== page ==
The efficacy of elderly caring among nurses
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    The efficacy of elderly caring among nurses The efficacy of elderly caring among nurses Document Transcript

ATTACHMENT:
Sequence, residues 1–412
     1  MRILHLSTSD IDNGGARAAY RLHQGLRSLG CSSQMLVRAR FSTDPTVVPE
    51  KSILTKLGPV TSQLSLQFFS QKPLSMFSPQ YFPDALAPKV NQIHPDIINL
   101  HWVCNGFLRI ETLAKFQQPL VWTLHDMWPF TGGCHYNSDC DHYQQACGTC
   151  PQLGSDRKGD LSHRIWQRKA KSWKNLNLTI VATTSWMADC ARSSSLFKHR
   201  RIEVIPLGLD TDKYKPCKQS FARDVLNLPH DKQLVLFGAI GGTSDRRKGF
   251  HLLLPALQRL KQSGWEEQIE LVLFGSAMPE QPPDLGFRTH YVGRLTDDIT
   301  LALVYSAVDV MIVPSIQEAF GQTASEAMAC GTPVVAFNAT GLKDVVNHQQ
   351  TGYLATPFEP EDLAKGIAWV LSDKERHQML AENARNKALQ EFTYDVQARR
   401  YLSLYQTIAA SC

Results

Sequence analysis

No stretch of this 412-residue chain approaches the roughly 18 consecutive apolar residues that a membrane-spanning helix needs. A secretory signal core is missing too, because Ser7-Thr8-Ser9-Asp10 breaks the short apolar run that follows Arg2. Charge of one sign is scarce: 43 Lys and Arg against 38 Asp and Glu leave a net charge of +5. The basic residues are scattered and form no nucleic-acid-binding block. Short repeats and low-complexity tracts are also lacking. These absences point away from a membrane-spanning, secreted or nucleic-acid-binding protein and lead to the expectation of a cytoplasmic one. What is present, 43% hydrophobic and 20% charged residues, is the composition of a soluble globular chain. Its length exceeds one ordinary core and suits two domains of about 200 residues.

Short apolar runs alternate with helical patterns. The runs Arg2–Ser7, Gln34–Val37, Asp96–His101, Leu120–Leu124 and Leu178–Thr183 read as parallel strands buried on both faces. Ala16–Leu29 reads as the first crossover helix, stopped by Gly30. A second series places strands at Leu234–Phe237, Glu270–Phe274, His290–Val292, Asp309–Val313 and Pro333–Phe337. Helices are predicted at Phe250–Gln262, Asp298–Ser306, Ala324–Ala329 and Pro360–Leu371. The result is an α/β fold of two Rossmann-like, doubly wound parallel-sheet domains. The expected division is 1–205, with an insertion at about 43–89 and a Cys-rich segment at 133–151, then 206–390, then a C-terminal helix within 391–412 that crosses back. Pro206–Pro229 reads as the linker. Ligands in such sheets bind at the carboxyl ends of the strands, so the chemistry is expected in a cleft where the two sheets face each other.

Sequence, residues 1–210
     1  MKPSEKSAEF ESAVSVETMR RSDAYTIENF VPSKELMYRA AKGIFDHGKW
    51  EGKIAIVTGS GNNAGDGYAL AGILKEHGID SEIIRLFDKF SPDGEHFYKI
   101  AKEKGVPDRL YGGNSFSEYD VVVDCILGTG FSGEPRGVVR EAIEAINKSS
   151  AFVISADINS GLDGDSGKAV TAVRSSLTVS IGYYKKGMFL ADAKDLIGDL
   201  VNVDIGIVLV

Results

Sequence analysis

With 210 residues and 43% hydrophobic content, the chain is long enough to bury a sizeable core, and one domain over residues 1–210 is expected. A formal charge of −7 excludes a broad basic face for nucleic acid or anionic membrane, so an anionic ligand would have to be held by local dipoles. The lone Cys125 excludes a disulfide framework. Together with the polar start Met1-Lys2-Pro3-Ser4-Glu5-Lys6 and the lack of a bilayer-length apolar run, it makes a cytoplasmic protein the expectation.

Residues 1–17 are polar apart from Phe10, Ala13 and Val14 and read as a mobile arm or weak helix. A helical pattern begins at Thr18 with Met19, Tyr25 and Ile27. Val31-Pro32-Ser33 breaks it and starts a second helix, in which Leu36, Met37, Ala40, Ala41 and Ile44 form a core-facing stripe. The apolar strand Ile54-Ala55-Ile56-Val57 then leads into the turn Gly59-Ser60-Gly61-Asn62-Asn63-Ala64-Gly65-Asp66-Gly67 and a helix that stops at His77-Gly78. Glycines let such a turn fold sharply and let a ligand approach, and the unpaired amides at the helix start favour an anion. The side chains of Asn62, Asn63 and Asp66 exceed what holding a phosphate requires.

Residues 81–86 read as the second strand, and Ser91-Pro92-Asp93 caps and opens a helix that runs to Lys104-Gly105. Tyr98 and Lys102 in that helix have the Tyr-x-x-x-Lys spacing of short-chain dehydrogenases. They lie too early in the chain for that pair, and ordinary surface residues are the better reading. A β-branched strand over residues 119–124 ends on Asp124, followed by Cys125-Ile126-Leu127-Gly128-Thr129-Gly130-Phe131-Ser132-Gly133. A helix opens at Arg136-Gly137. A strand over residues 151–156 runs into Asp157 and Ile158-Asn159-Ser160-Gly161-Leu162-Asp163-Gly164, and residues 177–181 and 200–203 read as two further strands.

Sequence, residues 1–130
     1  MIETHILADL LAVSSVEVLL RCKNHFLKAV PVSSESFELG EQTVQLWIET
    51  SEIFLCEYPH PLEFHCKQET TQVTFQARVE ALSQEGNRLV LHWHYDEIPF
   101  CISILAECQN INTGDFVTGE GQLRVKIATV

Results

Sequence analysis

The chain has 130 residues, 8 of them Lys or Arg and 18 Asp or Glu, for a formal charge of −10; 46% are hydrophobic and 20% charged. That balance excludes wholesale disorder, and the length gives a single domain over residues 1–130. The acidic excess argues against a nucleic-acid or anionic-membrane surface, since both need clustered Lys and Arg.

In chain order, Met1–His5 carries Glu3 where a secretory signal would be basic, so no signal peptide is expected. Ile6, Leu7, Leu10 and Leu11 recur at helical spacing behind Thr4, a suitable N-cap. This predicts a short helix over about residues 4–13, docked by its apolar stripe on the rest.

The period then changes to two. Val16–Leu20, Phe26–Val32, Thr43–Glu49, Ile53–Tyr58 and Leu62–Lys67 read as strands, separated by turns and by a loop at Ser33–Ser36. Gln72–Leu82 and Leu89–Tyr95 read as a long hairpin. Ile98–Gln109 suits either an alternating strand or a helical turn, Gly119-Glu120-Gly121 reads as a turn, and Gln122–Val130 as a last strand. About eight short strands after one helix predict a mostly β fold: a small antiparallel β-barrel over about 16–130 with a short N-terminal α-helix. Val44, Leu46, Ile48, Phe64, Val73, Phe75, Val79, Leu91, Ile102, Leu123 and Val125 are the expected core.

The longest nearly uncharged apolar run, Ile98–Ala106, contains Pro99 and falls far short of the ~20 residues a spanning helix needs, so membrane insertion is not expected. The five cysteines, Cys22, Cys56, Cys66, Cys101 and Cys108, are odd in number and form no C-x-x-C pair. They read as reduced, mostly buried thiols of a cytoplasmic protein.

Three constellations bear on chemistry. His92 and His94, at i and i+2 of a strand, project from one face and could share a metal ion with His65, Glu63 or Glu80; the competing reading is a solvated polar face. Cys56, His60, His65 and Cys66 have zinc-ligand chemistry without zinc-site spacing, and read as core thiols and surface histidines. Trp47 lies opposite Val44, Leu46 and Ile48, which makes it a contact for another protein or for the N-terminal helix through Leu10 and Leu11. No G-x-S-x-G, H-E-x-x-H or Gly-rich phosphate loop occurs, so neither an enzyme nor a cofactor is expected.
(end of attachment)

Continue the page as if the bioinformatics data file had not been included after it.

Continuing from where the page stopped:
• The Efficacy of Elderly Caring Among Nurses<br />By: Reynario Cabezada Ruiz Jr.<br />REVIEW OF RELATED LITERATURE AND STUDIES<br /> “The present challenge is not adding years to one’s life, but rather to improve the quality of an extended life span.”<br />(Deluane and Landner, 2004)<br />As a growing individual and a nursing student, one may have preconceived ideas about caring for older adults. True to the Filipino culture and its being a family oriented living, these ideas are influenced by one’s observation of one’s family members, friends, neighbors and media and their own experience on older adults. This universal phenomenon called aging has some type of meaning, whether or not people have taken the time to consciously think about it. <br />The Old and Ageism<br />The impact of change is constant and permanent to every life form. This change is commonly measured by time which is a concrete determinant of showing age. Aging as a topic involves a variety of dimensions involving evident changes in physical, mental, psychosocial and spiritual aspect of a human person. The human person measures its life by the laps of living time, of how long one has lived his life. Objectively, aging is observed more by the physical change it produces, much of which is getting an old age.<br />Long life, this has been a quest during the past, many of which did not succeed to realize the secret of its longevity. Before the 1900, men lived a life expectancy of 47, and relatively only few people reach the age of 50. Factors of this short life expectancy are much to be blamed to the health status of aging population. Until in the last centuries, great strides were made in medicine, sanitation, hygiene and control of infectious diseases. People have learned to live life longer, with life expectance reaching 75 years or even more, but are still trying to learn how to live well (Deluane and Landner, 2004).<br />Mary Kalfoss and Liv Halvorsrud (2008) of Diakonova University College studied the Important Issues to Quality of Life (QoL) Among Norwegian Older Adults: An Exploratory Study where the concluded that All importance issues were found to be moderate to highly important for older adults with the exception of sex life. Highest mean importance was given to the ability to perform ADL activities, ability to move around, sensory abilities, health, and home environment. There are significant differences in the importance given to various aspects of QoL by younger old and older old and for women and men. Similarly, there are differences in areas of importance for those partnered and not and for persons hospitalized and not hospitalized. Understanding what is important to older adults’ QoL can help nurses in setting priorities in policy and treatment strategies for ageing populations. Future application of the importance questions could facilitate understanding and recognition of importance issues in subgroups of older adults. Further research is needed to assess how the importance ratings vary in other elderly populations and cultures.<br />Many young people today, especially in western countries, have little personal contact with older family members such as grandparents; also health care providers usually see only older people who are acutely or chronically ill and hospitalized or live in a long term care setting (Hogstel, 2010). Older adults are being stereotyped as being ill, bald, hard of hearing, forgetful, rigid, grumpy or boring simply on the basis on their age and regardless of their competencies and individual characteristics. The way people view aging and older adults is often a product of the environment and experiences to which people are exposed. Ageism or the negative attitudes towards aging of ten arise in the same way from negative past experiences (Mauk, 2010).<br />Getting older is a natural process but many would try to resist it. So when does old age begin? The most obvious measure of age is a person’s chronological age, or the exact age of a person from birth. According to the National Institute of Aging in 2000, ages ranging 65 to 74 years are classified as young old, 75 to 84 as old, 85 to 94 as old-old and 95 and older are the elite-old or the chronologically gifted. In 2003, approximately 36 million people in America are at the age of 65 and older, this is according to the American Association of Retired Persons (AARP). As the fastest-growing segment of the population, the number of adults over the age of 65 is projected to be approximately nine million in the year 2030.<br />Successful aging can be defined as the enjoyment of health and vigor of the mind, body and spirit into middle age and beyond (Wagnild, 2003). Nowadays, the graying of baby boomers demands an enormous impact on health care in this century especially to nurses requiring them to increase their sensitivity to and understanding, of the needs, requirements and the capabilities of the older adults. <br />Theories of Aging<br />Theories of aging attempts to completely embrace and explain all the many facets of change and two of them are popular to us. The Biological theories address the physical changes of aging one of which is the Stress Theory suggests that irreversible structural and chemical changes occur in the body as a result of stress throughout the life span and that individuals must learn to adapt to these changes. The Cross Linkage Theory describes the deterioration of tissues and organs as the cause of loss of flexibility and functional ability that occurs with aging. The Somatic Mutation Theory takes a similar cellular level approach in stating the changes in DNA that are not repaired lead to the replication of the mutated cell, which brings about decreased cellular functioning and loss of organ efficiency. The Programed Aging Theory states that life span is determined by heredity and that internal genetic clock is responsible for the rate at which an individual develops, ages and eventually dies (Deluane and Landner, 2004).<br />Psychosocial theories on aging present the position that many factors in addition to genetics contribute to the aging process. The Disengagement Theory posits that as individual ages, they inevitably withdraw from the society and the society withdraws from them in a process of separation. The Continuity Theory suggests that an individual’s values and personality develop over a lifetime and that goals and individual characteristics will remain constant throughout life; an individual thus learns to adapt to changes and will tend to repeat those reactions and behaviors that brought success in the past. The Activity Theory proposes that an individual’s satisfaction with life depend on involvement in new interests, hobbies, roles and relationships. Volunteering is one way that many retirees stay connected to the community. In addition to providing social connection, volunteer activities provide a daily routine, a way to make a contribution and a sense of being needed (Deluane and Landner, 2004).<br />Perspectives of Caring<br />There are numerous theoretical concepts relative to caring in nursing. Some of the major ideas were postulated in Watson’s theory of human caring where she had her major concepts such as caring is central to nursing practice, the emphasis of caring is on the dignity and worth of individuals, each person’s response to illness is unique, caring is demonstrated interpersonally and caring involves a commitment to care and is based on knowledge (Watson, 1991).<br />According to Leininger (2002), caring is the essence of nursing, caring is universal occurring in all culture, caring behaviors are determined by and occur within a cultural context. Benner (2001) stated that caring is central to all helping professions, caring is the foundation of being, people and interpersonal concerns are important, caring is communicated through actions, problem solving is a major component of caring and that advocacy is caring.<br />In the Nursing Circles of Care, Core and Cure as the central concepts of Lydia Hall’s theory (1964), care alludes to the “hands-on”, intimate bodily care of the patient and implies as comforting, and nurturing relationship. While intimate physical care is provided, the nurse and the patient develop a close relationship representing teaching and learning aspect of nursing. <br />Along with the different roles of gerontological nurses, caring is a main component that connects the nurse to the recipient of service. A study by Lui, Shwu-Jiaun in 2004 described what caring meant to geriatric nurses. The researcher concluded that for geriatric nurses, the meaning of caring included several concepts: deliberation, concern, tolerance, sincerity, empathy, dedication and initiative. The author suggests that caring for the elderly should be natural and not superficial in order for the elderly to feel cared for.<br />Gerontology and Geriatrics<br />Quality of life is gaining more emphasis in today’s aging society and the trend is in fact for people to live longer and healthier lives. Outlook and adaptation contribute to the high quality of life enjoyed by many older adults today. Although many people over 65 have some kind of chronic health problem, most have found ways to keep these ailments from interfering with their enjoyment of life. Older people accept a certain amount of declining health as a normal, expected part of aging, but do not allow health issues to interfere with the vigorous pursuit of enjoyment. In a study in 2003 conducted by S.J. Loeb, S. Frankstern, S.H. Guelner and L.W. Poon titled “Supporting Older Adults Living with Multiple Chronic Conditions” they found out that chronicity was a highly personal experience for the older adults. Seven major categories of coping strategies were determined: relating with healthcare providers, medicating, exercising, changing dietary patterns, seeking information, relying on spirituality and religion and engaging in life. This study provided a view of coping strategies from the client perspective. It revealed what older adults do every day as they live with multiple chronic conditions.<br />Statistics show that the majority of nursing career will include caring for older adults. As Mathy Mezey, director of the John A. Hartford Foundation Institute for Geriatric Nursing at New York University, stated, “the population of older Americans is exploding, Geriatric patients are not one subgroup of patient but rather the core business of health systems (Mezey, 2005). Providing quality care to elders requires knowledge of the intricacies of the aging process as well as unique syndromes and disease conditions that can accompany growing older.<br />The Alliance for Aging Research (2002) reports that the average older adult has three chronic medical conditions. Consequently, more nurses are needed to care for the increasing number of older adults with chronic illness.<br />Gerontology is a broad term used to define the study of aging and/or the aged. This includes the biopsychosocial aspects of aging. Under the umbrella of gerontology are several subfields including geriatrics, social gerontology, geropsychology, geropharmachology, financial gerontology, gerontological nursing, and gerontological rehabilitation nursing and etc. Geriatrics is often used as a generic term relating to the aged, but specifically refers to the medical care for the aged. For this reason many nursing journals and texts have chosen to use gerontological nursing instead of geriatric nursing. Gerontological nursing then falls within the discipline of nursing and the scope of nursing practice. It involves nursing advocated for the health of older persons in all levels of prevention. Gerontological nurses work with healthy elderly persons in their communities, acutely ill elders requiring hospitalization and treatment and chronically ill or disabled elders in long term care facilities, skilled care, home care and hospice (Mauk, 2010).<br />The scope of practice for gerontological nursing includes all older adults from the time of “old age” until death. Gerontological nursing is guided by standards of practice. It is commonly assumed that any nurse can take care of older adults. However, with the increasing population of older adults there has been an increase in the amount in specialized geriatric nursing knowledge needed to care for this population. Not only are more nurses needed to care for older adults, but nurses competent in the care of older adults will be needed to meet the enhanced needs of the older population. Rosenfeld, Bottrel, Folmer and Mezey (1999) report that “Today, a nurses’ typical client is an older adult,” and “It behooves the nursing community to ensure that every nurse graduating from a baccalaureate nursing program has defined level of competency in the care of eldrly.<br />Gerontological nursing like other nursing specialty has defined roles in a given setting. In the role of caregiver or provider of care, the gerontological nurse gives direct, hand-on care to the older adults in a variety of setting. Older adults often presents with atypical symptoms that complicate diagnosis and treatment. Thus the nurse as a care provider should be educated about disease processes and syndromes commonly seen in the older population. This may include knowledge of risk factors, signs and symptoms, usual medical treatment, rehabilitation and end of life care (Mauk, 2010).<br />Ann Gallagher and colleagues conducted a research in 2007 in titled “Dignity in the care of older people – a review of the theoretical and empirical literature.” The paper critically reviews the theoretical and empirical literature relating to dignity and clarifies the meaning and implications of dignity in relation to the care of older people. If nurses are to provide dignified care clarification is an essential first step. The group reviewed a range of theoretical and empirical accounts of dignity and identify key dignity promoting factors evident in the literature, including staff attitudes and behaviour; environment; culture of care; and the performance of specific care activities. Although there is scope to learn more about cultural aspects of dignity the researchers know a good deal about dignity in care in general terms. As a conclusion the researchers argue that what is required is to provide sufficient support and education to help nurses understand dignity and adequate resources to operationalize dignity in their everyday practice. Using the themes identified from our review we offer proposals for the direction of future research.<br />An essential part in nursing is teaching. Gerontological nurses focus their teaching on modifiable risk factors and health promotion. Many diseases and debilitating conditions of aging can be prevented through lifestyle modifications such as healthy diet, smoking cessation, appropriate weight maintenance, physical activity and stress management. Nurses have the responsibility to educate the older adult population about ways to decrease the risk of certain disorders such as heart disease, cancer and stroke; the leading cause of death for this group.<br />Geronlogical nurses act as managers during everyday practice as they balance the concerns of the patient, family, nursing and the rest of the interdisciplinary team. Nurse Managers must be skilled in leadership, time management, building relationship, communication and managing change. Nurse managers may supervise other nursing personnel.<br />As an advocate, the gerontological nurse acts on behalf of older adults to promote their best interests and strengthen their autonomy and their decision making. Advocacy may take many forms including active involvement at the political level or helping to explain medical or nursing procedures to the family members on a unit level. Nurses may also advocate for patients through other activities such as helping family members choose the best nursing home for their beloved ones or listening to family members vent frustrations about health problems encountered. Whatever the situation, gerontological nurses must remember that being an advocate does not mean making decisions for older adults but empowering them to remain independent and retain dignity even in difficult situations.<br />The appropriate level of involvement of nurses at the baccalaureate level is that of research consumer. Gerontological nurses must remain abreast of current literature, reading and putting into practice the results of reliable and valid studies. Using evidence-based practice, gerontological nurses can improve the quality of patient care in all settings.<br />Evaluation and Efficacy of Care<br />Evidence-based practice (EBP) is a problem-solving approach to the delivery of health care that integrates the best evidence from studies and patient care data with clinician expertise and patient preferences and values. Health care that is evidence-based and conducted in a caring context leads to better clinical decisions and patient outcomes. Gaining knowledge and skills in the EBP process provides nurses and other clinicians the tools needed to take ownership of their practices and transform health care. Key elements of a best practice culture are EBP mentors, partnerships between academic and clinical settings, EBP champions, clearly written research, time and resources, and administrative support. (Fineout-Overholt E, 2005)<br />While there is a extensive development to improve the care of the elderly especially in the bulk of theoretical knowledge in gerontological nursing, experts are also aware that there is a need for evaluation and constant monitoring of its results in the clinical nursing practice.<br />Evaluating care involves determining the client’s progress toward achievement of expected outcomes. Effective planning is essential if evaluation is to be effective. In other words, the planned outcomes are the yardsticks by which effectiveness of therapies are being evaluated. If there are no stated expectations of care, how can progress be measured? <br />The purposes of evaluation include determining the client’s progress or lack of progress toward achievement of expected outcomes, to determine the effectiveness of nursing care in helping clients achieve the expected outcomes, to determine the overall quality of care provided and to promote nursing accountability.<br />The nurse who successfully evaluates nursing care uses a systematic approach that ensures thorough, comprehensive collection of data. Evaluation is an orderly process consisting of steps such as establishing standards, collecting data, determining goal achievement, relating nursing actions to client status, judging the value of nursing interventions, reassessing the client status and modifying the plan of care (Deluane and Landner, 2004).<br />Evaluation is performed at the individual and institutional level. Organizational evaluation examines the overall ability of the agency to deliver quality care. Evaluation can be classified according to what is being evaluated: the structure, the process, or the outcome. Structure evaluation is a determination of the health care agency’s ability to provide services offered to its client population. Process evaluation is the measurement of nursing actions by examination of each phase of the nursing process. Outcome evaluation is the process of comparing the client’s current status with the expected outcomes. This type of evaluation examines all direct care that affects the client’s currents health status. Outcomes evaluation focuses on the change sof the client’s health status (Kozier et al., 2004).<br />A Survey of the Quality of Nursing Care in Several Health Districts in South Africa by Leana Uys and Joanne Naido in 2002 revealed that The average scores on the different aspects varied from 11% (for nursing records) to 73% (for management of chronic diseases). Specific problems became evident. In one district three out of four hand-overs between shifts of nurses scored less than 50%. In all three districts the use of protective gear scored low (43%). While the average score for management of chronic illnesses were high at 73%, the blood pressures of only 23% was within the target range, and the blood sugar of only 38% of patients were controlled. Patient satisfaction averaged 72% across the three districts. They also conclude that study has pointed to a number of problems in the quality of care given by nurses in three health districts in South Africa. It has highlighted specific problems in each district and also general problems across all three districts. Some of these problems might be amenable to training and education. However, other management strategies also seem to be indicated. Regular monitoring and feedback to nursing teams, monitoring meetings in the format of perinatal mortality review meetings, and special incentives for higher quality might be considered.<br />Recently there has been emphasis by the nursing profession on evaluating outcomes. Nurse researchers (Moorhead, Johnson and Maas, 2004) at the University of Iowa have developed classifications of client outcomes, the Nursing Outcomes Classification (NOC). The NOC provides a standardized language that can be used to measure the effects of Nursing practice on client outcomes. The NOC outcomes which are used extensively in the United States and other countries are constantly undergoing research to validate application to the clinical practice. Just as the North American Nursing Diagnosis Association (NANDA) and the Nursing Interventions Classification (NIC) are continuing to develop a standardized nursing language relative to diagnosis and intervention, the NOC is striving toward a similar goal of standardized language for classifying nursing outcomes. The NOC can be used to enhance decision making in the clinical practice and research. “Analysis of outcomes may lead initiatives for quality improvement” (Charters, 2003).<br />In a study by Gudmundsdottir, Delaney, Thoroddsen and Karlsson in 2004, “Translation of and Validation of the Nursing Outcomes Classification Labels and Definitions for Acute Care Nursing in Iceland”, revealed that 181 of 260 NOC were perceived as being relevant to clients in the critical care areas. The Icelandic version of the NOC survey is a comprehensive tool that can be used for critical care nursing research. NOC outcomes are applicable to clients in acute care settings in Iceland.<br />The Nursing Outcomes Classification taxonomy focuses on function, physiology, psychosocial aspects, health knowledge and behavior and perceived self-health and family health. The NOC system, which defines over 330 client outcomes that are sensitive to nursing interventions, allows nurses to evaluate client status over time. The NOC (2004) also listed selected outcomes relevant to safety maintenance for an elderly client being cared for in the home. Few of which are namely the description of fall prevention measures, description of risk reduction measures, description of home safety measures, description of emergency procedures and description of community safety risks. Strengthening the links between nursing interventions and client outcomes will benefit not only clients, but nursing as well. Having solid evidence that documents the effectiveness of nursing care on client outcomes will influence political and financial decisions relative to nursing.<br />Bibliography<br />Book References<br />Benner, P., (2001) Form Novice to Expert: Excellence and Power in the Clinical Nursing Practice, (Com. Ed.), Upper Saddle River, New Jersey: Prentice-Hall<br />Burns, N. & Grove, S., (2007) Understanding Nursing Research: Building an Evidence Based Practice (4th ed.). Singapore: Elsevier Pte Ltd<br />Daniels, R. (2005) Nursing Fundamentals, Caring and Clinical Decision Making. 2 vols., Dermak a Division of Thomson Learning<br />Deluane, S. & Lancher P. (2006). Fundamentals of Nursing: Standards and Practice (3rd ed.). Singapore: Delmar Learning a Division of Thomson Learning<br />George, J. (1995) Nursing Theories: Base for Professional Nursing Practice (4th ed.). London: Appletton and Lange a Simmon and Schuster Company<br />Kozeir, B., et al., (2004). Fundamentals of Nursing: Concepts, Process and Practice (7th ed.). New Jersey: Pearsan Education South Asia Pte Ltd<br />Leininger, M (2002) Transcultural Nursing (3rd Edition), New York: McGraw-Hill<br />Mauk, K., (2010) Gerontological Nursing: Competencies for Care (2nd Edition) Bartlett Publisher, LLC<br />Moorhead, S., Johnson, M., and Maas, M., (2004) Nursing Outcomes Classification (NOC) (3rd Edition) St. Louis MO: Mosby<br />Mosby’s Pocket Dictionary of Medicine, Nursing and Health Professions (5th ed.). (2006) Singapore: Mosby Incorporated<br />Nocon, F., et al. (2000) General Statistics Made Simple for Filipinos (2008 reprint) Philippines: National Bookstore<br />Pearsan, J., et al. (2003) Human Communication. NY: McGraw-Hill Companies<br />Polit, D. & Beck (2008) Nursing Research: Generating and Assessing Evidence for Nursing Prcatice (8th ed.). Philidelphia: J. B. Lippincott Company<br />Potter, P. & Perry, A. (2005) Fundamentals of Nursing (6th ed.). St Louis, Missouri: Mosby Incorporated<br />Wallace, M., (2008) Essential for Gerontological Nursing. Springer Publishing Company LLC<br />Watson, J., (1999) Nursing: Human Science and Human Care. Boston: Jones and Bartlett; Denver Colorado<br />Internet Sources<br />http://books.google.com/books?id=QSGrakunwA0C&printsec=frontcover&source=gbs_ge_summary_r&cad=0#v=onepage&q&f=true (Retrieved August 17, 2011)<br />http://www.biomedcentral.com/1472-6955/3/1<br />http://www.biomedcentral.com/1472-6955/7/11<br />http://creativecommons.org/licenses/by/2.0<br />Journals<br />Lui, Shwu-Jiaun., (2004) What Caring Means to Geriatris Nurses. Journal Nursing Research<br />Mary Kalfoss and Liv Halvorsrud (2008) Important Issues to Quality of Life Among Norwegian Older Adults: An Exploratory Study Diakonova University College, Linstowsgate 5, 0166, Oslo, Norway Published online 2009 August 20. doi: 10.2174/1874434600903010045<br />GUdmundsdottir, F., Dekaney, C., Thoroddsen, A., and Karlsson T. (2004) Translation of and Validation of the Nursing Outcomes Classification Labels and Definitions for Acute Care Nursing in Iceland, Journal of Advanced Nursing<br />Loeb, S. J., Frankstern, Guuelner, S. H., Poon, L. W., (2003) Supporting Older Adults Living with Multiple Chronic Conditions, Western Journal on Nursing Research <br />Related Studies<br />Abrito III, S., et al. (2007) Quality of Nursing Care and Patient’s Satisfaction: Proposed Seminar, Unpublished Thesis, Nursing Research, University of Cebu-Banilad<br />Naidoo, J., and Uys, L., (2004) A Survey of the Quality of Nursing Care in Several Health Districts in South Africa, School of Nursing, University of Natal, Durban, South Africa BMC Nursing 2004, 3:1doi:10.1186/1472-6955-3-1, <br />Ruiz, R. Jr., (2010) Patient’s Satisfaction on the Nursing Services at Severo Verallo Memorial District Hospital, Unpublished Thesis, Nursing Research, University of Cebu-Banilad<br />Ann Gallagher, Sarah Li, Paul Wainwright, Ian Rees Jones and Diana Lee (2008) Dignity in the care of older people – a review of the theoretical and empirical literature. BMC Nursing 2008, 7:11doi:10.1186/1472-6955-7-11<br />